DDIT vs. Serum Institute of India Limited (ITAT Pune)

DATE: March 30, 2015 (Date of pronouncement)
DATE: April 1, 2015 (Date of publication)
AY: 2011-12
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S. 206AA: Even in the absence of PAN payer not required to deduct TDS at 20% if case covered by DTAA

The ITAT had to consider whether section 206AA of the Act was applicable in cases which are governed by the DTAAs and whether section 206AA of the Act would override section 90(2) of the Act and therefore the tax deduction was liable to be made @ 20% in absence of furnishing of PANs by the recipient non-residents. HELD by the ITAT:

Section 206AA of the Act prescribes that where PAN is not furnished to the person responsible for deducting tax at source then the tax deductor would be required to deduct tax at the higher of the following rates, namely, at the rate prescribed in the relevant provisions of this Act; or at the rate/rates in force; or at the rate of 20%. In the present case, assessee was responsible for deducting tax on payments made to non-residents on account of royalty and/or fee for technical services. The assessee deducted the tax at source at the rates prescribed in the respective DTAAs between India and the relevant country of the non-residents. The case of the Revenue is that in the absence of furnishing of PAN, assessee was under an obligation to deduct tax @ 20% following the provisions of section 206AA of the Act. Section 90(2) provides that the provisions of the DTAAs would override the provisions of the domestic Act in cases where the provisions of DTAAs are more beneficial to the assessee. It would be quite incorrect to say that though the charging section 4 of the Act and section 5 of the Act dealing with ascertainment of total income are subordinate to the principle enshrined in section 90(2) of the Act but the provisions of Chapter XVII-B governing tax deduction at source are not subordinate to section 90(2) of the Act. Section 206AA of the Act is not a charging section but is a part of a procedural provisions dealing with collection and deduction of tax at source. Therefore, where the tax has been deducted on the strength of the beneficial provisions of section DTAAs, the provisions of section 206AA of the Act cannot be invoked by the Assessing Officer to insist on the tax deduction @ 20%, having regard to the overriding nature of the provisions of section 90(2) of the Act (Azadi Bachao Andolan and Others vs. UOI, (2003) 263 ITR 706 (SC), CIT vs. Eli Lily & Co., (2009) 312 ITR 225 (SC) & GE India Technology Centre Pvt. Ltd. vs. CIT, (2010) 327 ITR 456 (SC) followed)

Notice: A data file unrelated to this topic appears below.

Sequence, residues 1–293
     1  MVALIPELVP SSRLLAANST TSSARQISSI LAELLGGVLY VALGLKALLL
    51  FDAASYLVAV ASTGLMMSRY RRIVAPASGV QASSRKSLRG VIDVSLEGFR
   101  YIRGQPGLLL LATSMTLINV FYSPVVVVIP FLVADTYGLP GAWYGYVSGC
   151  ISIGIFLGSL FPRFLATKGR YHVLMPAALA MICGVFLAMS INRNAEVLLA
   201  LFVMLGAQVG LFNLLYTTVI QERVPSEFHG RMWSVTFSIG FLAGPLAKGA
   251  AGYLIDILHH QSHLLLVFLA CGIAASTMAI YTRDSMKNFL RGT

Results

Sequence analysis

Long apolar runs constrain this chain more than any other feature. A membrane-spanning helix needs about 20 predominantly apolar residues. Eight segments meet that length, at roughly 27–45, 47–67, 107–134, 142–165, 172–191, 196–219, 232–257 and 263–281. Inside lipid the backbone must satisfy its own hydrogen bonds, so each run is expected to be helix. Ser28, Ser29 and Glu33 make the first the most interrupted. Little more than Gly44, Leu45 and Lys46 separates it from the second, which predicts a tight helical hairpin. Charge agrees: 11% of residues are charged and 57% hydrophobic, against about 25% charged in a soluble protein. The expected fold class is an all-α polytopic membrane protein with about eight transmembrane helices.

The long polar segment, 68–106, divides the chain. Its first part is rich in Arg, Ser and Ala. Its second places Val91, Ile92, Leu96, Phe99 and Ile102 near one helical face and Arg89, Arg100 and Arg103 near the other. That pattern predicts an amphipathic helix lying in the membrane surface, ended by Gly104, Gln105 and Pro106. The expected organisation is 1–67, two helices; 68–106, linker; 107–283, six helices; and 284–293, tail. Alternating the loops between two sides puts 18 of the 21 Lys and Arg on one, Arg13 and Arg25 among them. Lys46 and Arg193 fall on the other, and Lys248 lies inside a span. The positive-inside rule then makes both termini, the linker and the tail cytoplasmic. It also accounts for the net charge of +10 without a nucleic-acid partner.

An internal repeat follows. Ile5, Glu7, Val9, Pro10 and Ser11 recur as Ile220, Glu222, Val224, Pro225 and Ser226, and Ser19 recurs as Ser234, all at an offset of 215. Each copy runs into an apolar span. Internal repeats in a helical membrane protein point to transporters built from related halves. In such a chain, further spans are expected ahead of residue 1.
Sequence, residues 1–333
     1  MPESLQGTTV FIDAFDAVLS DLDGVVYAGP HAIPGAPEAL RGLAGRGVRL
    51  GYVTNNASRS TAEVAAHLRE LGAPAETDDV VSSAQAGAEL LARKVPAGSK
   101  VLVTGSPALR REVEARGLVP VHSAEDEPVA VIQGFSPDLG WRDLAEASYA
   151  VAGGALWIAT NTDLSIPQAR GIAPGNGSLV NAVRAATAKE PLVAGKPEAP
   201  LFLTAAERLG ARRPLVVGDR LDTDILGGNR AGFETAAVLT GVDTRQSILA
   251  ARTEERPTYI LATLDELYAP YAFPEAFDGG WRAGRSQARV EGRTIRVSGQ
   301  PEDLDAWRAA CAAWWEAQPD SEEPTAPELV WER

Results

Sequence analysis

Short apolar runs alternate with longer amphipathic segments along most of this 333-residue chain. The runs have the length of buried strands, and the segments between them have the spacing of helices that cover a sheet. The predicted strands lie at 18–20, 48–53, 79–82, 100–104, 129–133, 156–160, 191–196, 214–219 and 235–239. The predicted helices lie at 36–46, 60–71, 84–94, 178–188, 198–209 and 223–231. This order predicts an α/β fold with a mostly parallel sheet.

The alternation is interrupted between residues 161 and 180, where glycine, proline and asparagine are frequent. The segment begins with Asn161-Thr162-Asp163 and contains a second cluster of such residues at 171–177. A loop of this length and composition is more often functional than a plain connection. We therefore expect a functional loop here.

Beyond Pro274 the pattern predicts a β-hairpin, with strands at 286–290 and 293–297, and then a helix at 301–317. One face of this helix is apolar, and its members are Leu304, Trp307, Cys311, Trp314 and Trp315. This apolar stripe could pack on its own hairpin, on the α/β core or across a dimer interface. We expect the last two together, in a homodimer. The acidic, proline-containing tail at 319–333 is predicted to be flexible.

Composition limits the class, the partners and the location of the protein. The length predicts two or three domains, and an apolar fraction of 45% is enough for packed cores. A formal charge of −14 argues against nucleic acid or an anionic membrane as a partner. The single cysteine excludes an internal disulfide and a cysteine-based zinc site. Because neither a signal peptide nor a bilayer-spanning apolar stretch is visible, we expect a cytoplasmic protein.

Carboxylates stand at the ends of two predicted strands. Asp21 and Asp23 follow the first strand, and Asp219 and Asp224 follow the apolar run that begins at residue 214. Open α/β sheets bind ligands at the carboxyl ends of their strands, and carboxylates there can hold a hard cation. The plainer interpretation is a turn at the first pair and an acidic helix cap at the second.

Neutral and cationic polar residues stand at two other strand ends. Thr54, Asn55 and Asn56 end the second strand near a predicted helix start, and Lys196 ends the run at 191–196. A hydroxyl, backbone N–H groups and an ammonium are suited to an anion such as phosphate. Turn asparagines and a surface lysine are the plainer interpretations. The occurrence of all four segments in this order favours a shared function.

4 comments on “DDIT vs. Serum Institute of India Limited (ITAT Pune)
  1. gopal nathani says:

    This is like turning s. 206AA redundant in case of NR which cannot be true.
    It is one thing that PAN is not mandatory for NR but not having so applied one needs to pay 20% to the Government. moreover the system will not recognise any redundancy in the application of the provisions of the Act. one must use this decison cautiously.

  2. sher singh says:

    Very Welcome decision. Section 206AA create something which is not created by Section 4,5 & 9. So naturally, if Section 4,5 & 9 do not make something taxable, 195 has no application at all. It is settled in law that 90(2) overrides Section 4,5 & 9 so correct interpretaion by Hon. Bench. Sigh of relief by common taxpayers


    It is Good judgement in favour of honest tax payer which will help various companies who make remittance to various countries. Hope no amendment is passed by the Government.

  4. Manish J. Sheth says:

    This is good judgement by ITAT Pune. The reason being if a person has to make a single payment once in a life time to foreign party then also AO are insisting on PAN no. for TDS. Because of this provision of 20% TDS (for not providing PAN) many companies were not ready to supply technology and services which India needed badly. With Modi’s concept of ‘ ease of business’ the amendment should be brought in 206AA stating that 20 % TDS for non PAN is not applicable to NR companies.

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